2. 8.4.2. The Organization for the Advancement of Structured Information Standards (OASIS)
          3. 8.4.3. Object Management Group (OMG)
          4. 8.4.4. Open Applications Group (OAG)
        5. 8.5. Information Integration Patterns
        6. 8.6. Enterprise Information Integration Technology
        7. 8.7. Information Integration Architecture Specification
          1. 8.7.1. Introduction
          2. 8.7.2. Scope
          3. 8.7.3. Key Participants
          4. 8.7.4. Mapping Requirements to Information Integration Design Patterns
          5. 8.7.5. Data Flow Diagram
          6. 8.7.6. Metadata Model
          7. 8.7.7. Relationship Model
          8. 8.7.8. Information Design Reviews
          9. 8.7.9. Conclusions and Commentary
        8. 8.8. Best Practices in Information Design
        9. 8.9. Next Steps
      6. Nine. Process Integration Architecture
        1. 9.1. Executive Overview
        2. 9.2. Why Process Is Important to Business
        3. 9.3. Understanding Process Integration Technology
          1. 9.3.1. Business Process Management (BPM)
          2. 9.3.2. Business Process Integration (BPI)
          3. 9.3.3. Business Process Automation (BPA)
          4. 9.3.4. Workflow Automation
          5. 9.3.5. Business Activity Monitoring (BAM)
          6. 9.3.6. Web Service Orchestration (WSO)
        4. 9.4. Process Standards
          1. 9.4.1. Business Process Execution Language for Web Services (BPEL4WS)
          2. 9.4.2. Unified Modeling Language (UML)
          3. 9.4.3. Business Process Management Initiative (BPMI) and the Workflow Management Coalition (WfMC)
          4. 9.4.4. Integration Definition for Function Modeling (IDEF0)
        5. 9.5. Process Integration Architecture Specification
          1. 9.5.1. Introduction
          2. 9.5.2. Scope
          3. 9.5.3. Key Participants
          4. 9.5.4. Business Process Descriptions
          5. 9.5.5. Process Flow Models
          6. 9.5.6. Process Design Reviews
          7. 9.5.7. Conclusions and Commentary
        6. 9.6. Best Practices in Process Integration
        7. 9.7. Next Steps
    8. III. Enterprise Integration Solutions
      1. Ten. Application Integration
        1. 10.1. Executive Overview
        2. 10.2. Application Integration Scenarios
        3. 10.3. Choosing Application Integration Technology
          1. 10.3.1. Messaging and Connectivity
          2. 10.3.2. Data Transformation
          3. 10.3.3. Message Brokers and Enterprise Service Buses
          4. 10.3.4. Application Interfaces
          5. 10.3.5. Legacy Integration
          6. 10.3.6. Portals
          7. 10.3.7. Mobile Integration
          8. 10.3.8. B2B Integration
          9. 10.3.9. Application Integration Platforms
        4. 10.4. Application Integration Implementation Specification
          1. 10.4.1. Introduction
          2. 10.4.2. Scope
          3. 10.4.3. Key Participants
          4. 10.4.4. Application Integration Implementation Patterns and Services
            1. 10.4.4.1. Message Broker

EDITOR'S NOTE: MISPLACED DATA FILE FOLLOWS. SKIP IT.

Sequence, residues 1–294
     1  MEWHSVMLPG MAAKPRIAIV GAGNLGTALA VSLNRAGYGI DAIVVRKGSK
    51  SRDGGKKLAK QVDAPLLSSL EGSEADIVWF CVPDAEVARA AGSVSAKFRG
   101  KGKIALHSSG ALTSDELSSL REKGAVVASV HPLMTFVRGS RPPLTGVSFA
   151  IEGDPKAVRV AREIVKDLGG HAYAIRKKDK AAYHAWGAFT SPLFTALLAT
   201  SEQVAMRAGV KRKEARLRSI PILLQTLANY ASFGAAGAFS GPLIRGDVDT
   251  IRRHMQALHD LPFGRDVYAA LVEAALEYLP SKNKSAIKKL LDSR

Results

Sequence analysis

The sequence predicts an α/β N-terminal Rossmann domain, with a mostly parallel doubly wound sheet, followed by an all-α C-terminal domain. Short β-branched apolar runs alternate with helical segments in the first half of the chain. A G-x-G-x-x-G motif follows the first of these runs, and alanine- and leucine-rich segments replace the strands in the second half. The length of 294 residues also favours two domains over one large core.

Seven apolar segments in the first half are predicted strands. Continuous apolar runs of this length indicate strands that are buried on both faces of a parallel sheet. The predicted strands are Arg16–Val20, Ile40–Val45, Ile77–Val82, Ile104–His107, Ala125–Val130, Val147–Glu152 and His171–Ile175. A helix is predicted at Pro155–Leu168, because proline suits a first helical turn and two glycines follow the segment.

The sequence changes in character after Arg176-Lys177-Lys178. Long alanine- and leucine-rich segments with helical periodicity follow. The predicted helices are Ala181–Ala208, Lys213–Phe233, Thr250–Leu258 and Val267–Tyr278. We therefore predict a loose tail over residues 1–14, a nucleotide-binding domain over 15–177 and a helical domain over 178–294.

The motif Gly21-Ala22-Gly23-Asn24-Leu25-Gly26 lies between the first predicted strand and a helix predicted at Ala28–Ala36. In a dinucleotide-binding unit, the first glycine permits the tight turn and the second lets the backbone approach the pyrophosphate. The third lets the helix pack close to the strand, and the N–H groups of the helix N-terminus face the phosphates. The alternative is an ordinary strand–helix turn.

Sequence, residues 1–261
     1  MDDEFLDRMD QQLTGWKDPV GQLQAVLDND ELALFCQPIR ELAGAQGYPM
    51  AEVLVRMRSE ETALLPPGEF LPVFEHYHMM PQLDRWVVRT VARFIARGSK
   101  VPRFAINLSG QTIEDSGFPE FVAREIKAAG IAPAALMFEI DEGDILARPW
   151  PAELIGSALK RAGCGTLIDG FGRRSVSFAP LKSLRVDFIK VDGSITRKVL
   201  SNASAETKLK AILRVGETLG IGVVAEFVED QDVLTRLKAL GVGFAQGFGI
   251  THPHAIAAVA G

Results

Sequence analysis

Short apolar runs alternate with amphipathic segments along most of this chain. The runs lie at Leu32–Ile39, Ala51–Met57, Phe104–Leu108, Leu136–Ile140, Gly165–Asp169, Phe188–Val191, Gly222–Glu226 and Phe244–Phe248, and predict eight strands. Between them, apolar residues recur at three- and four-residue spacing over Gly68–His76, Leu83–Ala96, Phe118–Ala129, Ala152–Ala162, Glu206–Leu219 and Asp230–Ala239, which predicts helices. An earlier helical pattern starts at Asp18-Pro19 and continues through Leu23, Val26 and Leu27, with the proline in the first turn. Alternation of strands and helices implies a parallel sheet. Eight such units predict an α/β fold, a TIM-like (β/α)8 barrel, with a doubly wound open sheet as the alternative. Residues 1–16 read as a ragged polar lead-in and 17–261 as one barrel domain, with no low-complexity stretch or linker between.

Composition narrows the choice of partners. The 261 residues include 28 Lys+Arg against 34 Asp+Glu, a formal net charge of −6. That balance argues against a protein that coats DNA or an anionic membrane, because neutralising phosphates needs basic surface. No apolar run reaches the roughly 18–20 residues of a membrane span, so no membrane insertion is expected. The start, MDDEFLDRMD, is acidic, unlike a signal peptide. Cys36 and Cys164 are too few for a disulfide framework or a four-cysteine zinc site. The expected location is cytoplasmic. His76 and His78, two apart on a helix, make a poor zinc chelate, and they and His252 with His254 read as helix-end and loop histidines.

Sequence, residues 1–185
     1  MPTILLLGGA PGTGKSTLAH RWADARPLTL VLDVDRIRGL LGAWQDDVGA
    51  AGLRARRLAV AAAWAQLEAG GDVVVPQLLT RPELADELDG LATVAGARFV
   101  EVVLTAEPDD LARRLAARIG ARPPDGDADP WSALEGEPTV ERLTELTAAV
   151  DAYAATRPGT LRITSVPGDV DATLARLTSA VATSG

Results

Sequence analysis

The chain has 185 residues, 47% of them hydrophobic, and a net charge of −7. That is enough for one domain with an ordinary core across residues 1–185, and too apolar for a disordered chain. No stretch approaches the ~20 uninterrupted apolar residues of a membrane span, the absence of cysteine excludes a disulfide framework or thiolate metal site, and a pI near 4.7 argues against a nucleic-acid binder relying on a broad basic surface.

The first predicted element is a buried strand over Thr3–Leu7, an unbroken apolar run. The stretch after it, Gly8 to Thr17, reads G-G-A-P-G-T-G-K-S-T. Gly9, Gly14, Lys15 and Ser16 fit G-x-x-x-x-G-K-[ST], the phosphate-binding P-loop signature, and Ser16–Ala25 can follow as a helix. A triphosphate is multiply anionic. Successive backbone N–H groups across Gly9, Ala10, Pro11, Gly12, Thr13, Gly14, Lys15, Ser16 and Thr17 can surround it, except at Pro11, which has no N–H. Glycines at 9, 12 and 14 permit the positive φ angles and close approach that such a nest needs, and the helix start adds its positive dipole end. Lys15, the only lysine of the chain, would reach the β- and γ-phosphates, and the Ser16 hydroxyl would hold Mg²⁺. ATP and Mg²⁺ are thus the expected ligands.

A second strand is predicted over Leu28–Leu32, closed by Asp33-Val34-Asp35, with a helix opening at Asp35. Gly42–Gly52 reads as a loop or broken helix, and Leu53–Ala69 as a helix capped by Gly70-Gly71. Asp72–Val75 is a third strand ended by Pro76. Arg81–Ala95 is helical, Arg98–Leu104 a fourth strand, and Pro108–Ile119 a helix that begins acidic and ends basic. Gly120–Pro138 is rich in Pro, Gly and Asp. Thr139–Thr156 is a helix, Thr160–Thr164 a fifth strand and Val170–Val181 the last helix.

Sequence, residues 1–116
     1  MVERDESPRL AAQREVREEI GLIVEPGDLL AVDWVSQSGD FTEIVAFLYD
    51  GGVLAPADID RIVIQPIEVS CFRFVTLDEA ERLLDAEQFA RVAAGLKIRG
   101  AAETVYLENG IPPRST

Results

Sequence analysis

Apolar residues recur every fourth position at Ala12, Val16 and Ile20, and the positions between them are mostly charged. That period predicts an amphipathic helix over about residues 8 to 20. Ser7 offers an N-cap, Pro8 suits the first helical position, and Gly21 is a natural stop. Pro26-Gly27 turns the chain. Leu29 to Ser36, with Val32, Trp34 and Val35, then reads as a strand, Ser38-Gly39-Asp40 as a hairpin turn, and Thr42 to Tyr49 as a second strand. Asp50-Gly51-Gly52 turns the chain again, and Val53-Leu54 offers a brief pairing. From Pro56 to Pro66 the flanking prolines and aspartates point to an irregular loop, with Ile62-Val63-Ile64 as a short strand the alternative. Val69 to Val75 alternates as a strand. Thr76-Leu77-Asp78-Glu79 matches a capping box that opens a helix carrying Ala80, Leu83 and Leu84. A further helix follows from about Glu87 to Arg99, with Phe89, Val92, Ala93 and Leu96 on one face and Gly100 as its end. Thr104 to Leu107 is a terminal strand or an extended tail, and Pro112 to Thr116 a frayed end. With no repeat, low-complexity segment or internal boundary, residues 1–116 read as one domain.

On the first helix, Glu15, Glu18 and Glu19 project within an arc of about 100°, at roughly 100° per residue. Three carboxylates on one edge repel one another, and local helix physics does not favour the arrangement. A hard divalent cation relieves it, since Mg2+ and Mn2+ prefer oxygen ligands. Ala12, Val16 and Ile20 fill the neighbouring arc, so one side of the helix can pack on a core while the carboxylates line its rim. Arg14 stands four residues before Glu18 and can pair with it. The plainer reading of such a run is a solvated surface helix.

2. 10.4.4.2. Enterprise Service Bus (ESB)
            3. 10.4.4.3. Legacy Integration
            4. 10.4.4.4. B2B Integration
            5. 10.4.4.5. Portals
            6. 10.4.4.6. Mobile Integration
            7. 10.4.4.7. Other Services
          5. 10.4.5. Conclusions and Commentary
        5. 10.5. Best Practices in Application Integration
        6. 10.6. Next Steps
      2. Eleven. Information Integration
        1. 11.1. Executive Overview
        2. 11.2. Information Integration Scenarios
        3. 11.3. Choosing Information Integration Technology
          1. 11.3.1. ETL
          2. 11.3.2. EII
          3. 11.3.3. ECM
        4. 11.4. Information Integration Implementation Specification
          1. 11.4.1. Introduction
          2. 11.4.2. Scope
          3. 11.4.3. Key Participants
          4. 11.4.4. Information Integration Patterns and Services
            1. 11.4.4.1. Data Integration
            2. 11.4.4.2. Unstructured Content Integration
            3. 11.4.4.3. Metadata Repository Integration
          5. 11.4.5. Conclusions and Commentary
        5. 11.5. Best Practices in Information Integration
        6. 11.6. Next Steps
      3. Twelve. Composite Application Integration
        1. 12.1. Executive Overview
        2. 12.2. Composite Application Integration Scenarios
        3. 12.3. Choosing Composite Application Integration Technology
          1. 12.3.1. Application Platform Suites
          2. 12.3.2. Web Services
          3. 12.3.3. Orchestration
        4. 12.4. Composite Integration Implementation Specification
          1. 12.4.1. Introduction
          2. 12.4.2. Scope
          3. 12.4.3. Key Participants
          4. 12.4.4. Composite Integration Patterns and Services
          5. 12.4.5. Conclusions and Commentary
        5. 12.5. Best Practices in Composite Application Integration
        6. 12.6. Next Steps
      4. Thirteen. Process-Driven Integration
        1. 13.1. Executive Overview
        2. 13.2. Process Integration Scenarios
        3. 13.3. Choosing Technology for Process Integration
          1. 13.3.1. Business Process Modeling
          2. 13.3.2. Process and Rules Engines
          3. 13.3.3. Supporting Manual Processes
          4. 13.3.4. Enabling Business Process Improvement
          5. 13.3.5. Business Activity Monitoring (BAM)
          6. 13.3.6. Supporting Collaborative Processes
          7. 13.3.7. Supporting Multiple Types of Processes
        4. 13.4. Process Integration Implementation Specification
          1. 13.4.1. Introduction
          2. 13.4.2. Scope
          3. 13.4.3. Key Participants
          4. 13.4.4. Process Integration Patterns and Services
            1. 13.4.4.1. Process Automation
            2. 13.4.4.2. Business Activity Monitoring (BAM)
            3. 13.4.4.3. Collaborative Process Integration
          5. 13.4.5. Conclusions and Commentary
        5. 13.5. Best Practices in Process Integration
        6. 13.6. Next Steps
      5. Fourteen. Conclusion: Best Practices for Enterprise Integration
        1. 14.1. Executive Overview